Political unrest hinders Thai rooftop solar

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The continuing political unrest in Thailand is holding up the roll-out of the country’s rooftop solar plans, which were originally scheduled to start two weeks ago.

With the country wracked by protest movements against the divisive regime of prime minister Yingluck Shinawatra, the dissolution of parliament last month has left the solar industry in limbo.

The southeast Asian country’s solar plans had included legislation to enable to commercial sale of rooftop-generated energy into the national grid with the new act planned to come into force on December 31.

According to a report in Thai national newspaper The Nation, the deadline for enactment of the legislation was initially moved back to the end of this month with Yingluck subsequently announcing new elections will go ahead on February 2.

The Nation reports that even if a new government is elected and the rooftop commercial sale legislation enacted, there is little prospect of the Provincial Electricity Authority or the Metropolitan Electricity Authority issuing the Ror Ngor 4 permits required for residential rooftop installations in the near future nor of the country’s Civil Works Department issuing the permits required to alter residential buildings to accommodate rooftop panels.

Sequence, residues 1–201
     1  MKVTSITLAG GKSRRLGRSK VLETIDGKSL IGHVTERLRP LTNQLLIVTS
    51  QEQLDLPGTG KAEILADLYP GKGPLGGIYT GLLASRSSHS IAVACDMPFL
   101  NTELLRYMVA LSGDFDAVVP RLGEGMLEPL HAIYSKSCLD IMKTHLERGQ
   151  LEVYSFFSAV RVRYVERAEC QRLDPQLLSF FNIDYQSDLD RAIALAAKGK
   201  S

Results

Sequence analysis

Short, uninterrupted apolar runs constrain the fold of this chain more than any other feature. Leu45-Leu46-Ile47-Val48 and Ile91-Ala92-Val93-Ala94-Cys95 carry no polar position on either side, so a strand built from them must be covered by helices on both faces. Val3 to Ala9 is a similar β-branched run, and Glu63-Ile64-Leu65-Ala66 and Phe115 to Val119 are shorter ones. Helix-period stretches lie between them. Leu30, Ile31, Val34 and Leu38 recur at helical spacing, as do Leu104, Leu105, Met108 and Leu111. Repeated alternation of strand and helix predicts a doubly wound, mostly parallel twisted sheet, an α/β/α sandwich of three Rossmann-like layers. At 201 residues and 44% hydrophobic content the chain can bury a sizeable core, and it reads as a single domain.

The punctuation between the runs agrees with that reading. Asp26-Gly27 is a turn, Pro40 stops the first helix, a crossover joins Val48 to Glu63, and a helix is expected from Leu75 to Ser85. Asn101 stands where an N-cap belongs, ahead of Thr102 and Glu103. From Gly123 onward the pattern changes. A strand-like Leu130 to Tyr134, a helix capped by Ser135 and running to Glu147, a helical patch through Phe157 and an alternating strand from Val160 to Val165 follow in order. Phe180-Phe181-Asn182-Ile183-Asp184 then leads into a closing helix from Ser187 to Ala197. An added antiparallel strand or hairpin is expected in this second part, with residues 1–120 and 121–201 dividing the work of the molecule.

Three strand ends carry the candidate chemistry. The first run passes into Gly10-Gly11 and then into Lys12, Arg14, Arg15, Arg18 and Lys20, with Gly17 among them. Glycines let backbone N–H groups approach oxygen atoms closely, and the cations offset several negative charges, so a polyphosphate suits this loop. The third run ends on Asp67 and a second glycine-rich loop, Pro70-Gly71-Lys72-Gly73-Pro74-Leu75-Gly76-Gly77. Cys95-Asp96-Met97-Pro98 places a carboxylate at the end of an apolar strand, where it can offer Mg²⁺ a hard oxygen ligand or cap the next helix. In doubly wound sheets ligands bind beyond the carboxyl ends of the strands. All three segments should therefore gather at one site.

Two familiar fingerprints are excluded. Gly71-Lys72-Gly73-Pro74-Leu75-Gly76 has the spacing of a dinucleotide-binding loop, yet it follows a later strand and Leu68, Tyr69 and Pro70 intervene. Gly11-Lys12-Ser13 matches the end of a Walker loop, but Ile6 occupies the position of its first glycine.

With residential installations making up 80% – or 6,040 – of the 7,521 applications accepted by the electricity bodies for rooftop solar, the lack of permitting caused by the political vacuum is a huge blow for the industry.

Solar lobby group to meet installers

Dusit Krue-ngarm, president of the Thai Photovoltaic Industries Association, told The Nation his organization will meet installers on Wednesday to discuss the impact of the political troubles on the industry and how to deal with them.

Although residential systems dominate the rooftop market in terms of application numbers, they add up to only 52 MW of the 500 MW of successful applications which far surpassed the government’s 100 MW target for the first round of roftop projects.

Prime minister Yingluck has been accused of corruption in connection with a deal to sell rice to China and is a controversial figure as the sister of former PM Thaksin Shinawatra, who was ousted by the Thai military for alleged corruption and exiled in 2006.

Simmering unrest flared up again last year when Yingluck’s party failed in its attempt to introduce an amnesty which would have allowed her brother – the former owner of English Premier League soccer club Manchester City – to return.

In the face of rising civil disorder backed by the opposition Democrat party, Yingluck dissolved parliament last month and announced new elections will be held on February 2.

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